Of course, electric Dylan sounded little like other rock music in 1965. The Byrds, using many of Dylan’s songs, were youthful and bright with fresh chimes of 12-strings, and The Who and The Rolling Stones, while sharing many of Dylan’s amplified blues roots, were wild and rebellious. Perhaps only Lennon’s work on The Beatles’ "Help" and patches of The Kink Kontroversy tuned in to the same sources, because rather than young, clean, and itching for a fight, the Dylan of Highway 61 Revisited sounds bummed.
Unlike many of his contemporaries, Bob Dylan not only took musical cues from the blues, he took the attitude. If that single that hit the charts was a scathing attack of acidic revenge, the next song, "Tombstone Blues", rides its hyper-gallop telling tales of corruption, need, and desperation. "It Takes A Lot to Laugh, It Takes a Train to Cry" finds a singer who has, “been up all night,” staring out the window, accompanied by gloriously trudging music which shares the narrator’s exhaustion. "Just Like Tom Thumb’s Blues" steps lightly with defeat and resignation, and the mocking "Ballad of a Thin Man" is drawn out and ominous, hinting at doom and helplessness.
Even the upbeat songs betray this mood. "From a Buick 9" is a bouncy, giddy celebration of a woman whose primary attribute seems to be her ability to save the singer from his troubles and to patch him up when that is impossible. The strummed guitars of "Queen Jane Approximately" offers comfort if the title character should stop by, but the singer not only seems to think that she never will visit until tragedy strikes her, but he also expects that disaster as inevitable. The crazy whirl whistling at the beginning of the title track seems to promise wacky comedy, but this humor proves more rooted in the absurdity of life and its evils than in slapstick.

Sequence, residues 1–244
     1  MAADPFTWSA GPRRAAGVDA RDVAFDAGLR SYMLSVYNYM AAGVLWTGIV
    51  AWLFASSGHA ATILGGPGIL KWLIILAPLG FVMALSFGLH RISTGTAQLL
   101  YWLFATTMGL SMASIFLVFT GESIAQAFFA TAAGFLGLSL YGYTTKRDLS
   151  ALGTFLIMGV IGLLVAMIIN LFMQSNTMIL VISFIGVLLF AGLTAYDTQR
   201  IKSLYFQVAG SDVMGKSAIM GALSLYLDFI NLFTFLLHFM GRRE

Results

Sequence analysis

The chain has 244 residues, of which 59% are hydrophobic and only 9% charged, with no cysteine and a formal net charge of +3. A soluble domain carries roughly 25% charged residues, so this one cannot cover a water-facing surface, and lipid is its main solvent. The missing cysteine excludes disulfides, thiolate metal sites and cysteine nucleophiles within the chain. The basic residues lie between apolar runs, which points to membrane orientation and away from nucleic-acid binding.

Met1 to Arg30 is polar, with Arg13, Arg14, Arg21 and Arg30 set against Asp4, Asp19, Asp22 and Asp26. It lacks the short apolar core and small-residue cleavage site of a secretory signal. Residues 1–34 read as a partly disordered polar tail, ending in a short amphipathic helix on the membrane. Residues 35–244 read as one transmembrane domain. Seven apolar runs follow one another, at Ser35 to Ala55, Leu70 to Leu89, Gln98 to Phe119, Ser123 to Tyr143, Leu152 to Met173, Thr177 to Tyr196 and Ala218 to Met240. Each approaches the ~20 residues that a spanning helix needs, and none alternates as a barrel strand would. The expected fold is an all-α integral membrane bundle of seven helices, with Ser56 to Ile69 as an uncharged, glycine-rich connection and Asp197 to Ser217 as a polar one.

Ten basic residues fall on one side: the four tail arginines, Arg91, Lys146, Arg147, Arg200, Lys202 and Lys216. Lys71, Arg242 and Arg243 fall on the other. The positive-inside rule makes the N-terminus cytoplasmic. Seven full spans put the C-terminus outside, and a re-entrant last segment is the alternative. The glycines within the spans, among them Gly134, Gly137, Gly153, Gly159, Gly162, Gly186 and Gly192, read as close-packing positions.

The folk faithful may have thrown a fit at Dylan ‘selling out’ to the teeny-bopper pop crowd, but the truth was that underneath those electrified squawks and that skipping drum beat is a pure strain of hung-out, used-up, morning-after, and all too adult blues. This undercurrent seeps to the surface in the album’s classic closer, the acoustic dirge for "Desolation Row", the alley were hopes, dreams, and last chances die a sad death so miserable and inevitable that few bother even to put up a fight. Even here, that sense of surrender to despair is too simple of a description for a song complex enough to nurse a buried but brutal sense of resentment and anger. Unlike many lengthy songs, "Desolation Row" earns every one of its elevens minutes.
Unlike ethereal trip that Dylan would later send the listener on with Blonde on Blonde, Highway 61 Revisited is a train ride across the night, rooted, grounded, and going nowhere.
The CD layer of this reissue is a huge improvement over the previous Columbia release and rivals the excellent DCC gold disc that fetches a commanding price nowadays. The SACD does an even better job reproducing the sound, with a natural, earthy, unprocessed sound wholly appropriate for this raw, rare American music. The natural dynamic of the mix and the fullness of the instruments, especially the bass drum and the piano, gives the rustic elements of the albums a lived-in quality while still allowing the guitar to blister away when appropriate.
Highway 61 Revisited is a singular achievement, an earth-bound, world-weary album seductive and comforting in its worn-out languor. Incredibly, Dylan released this less than half a year after the excellent Bringing it All Back Home; this amazing pace probably accounts for this album’s fatigue, but it certainly does not explain its brilliance.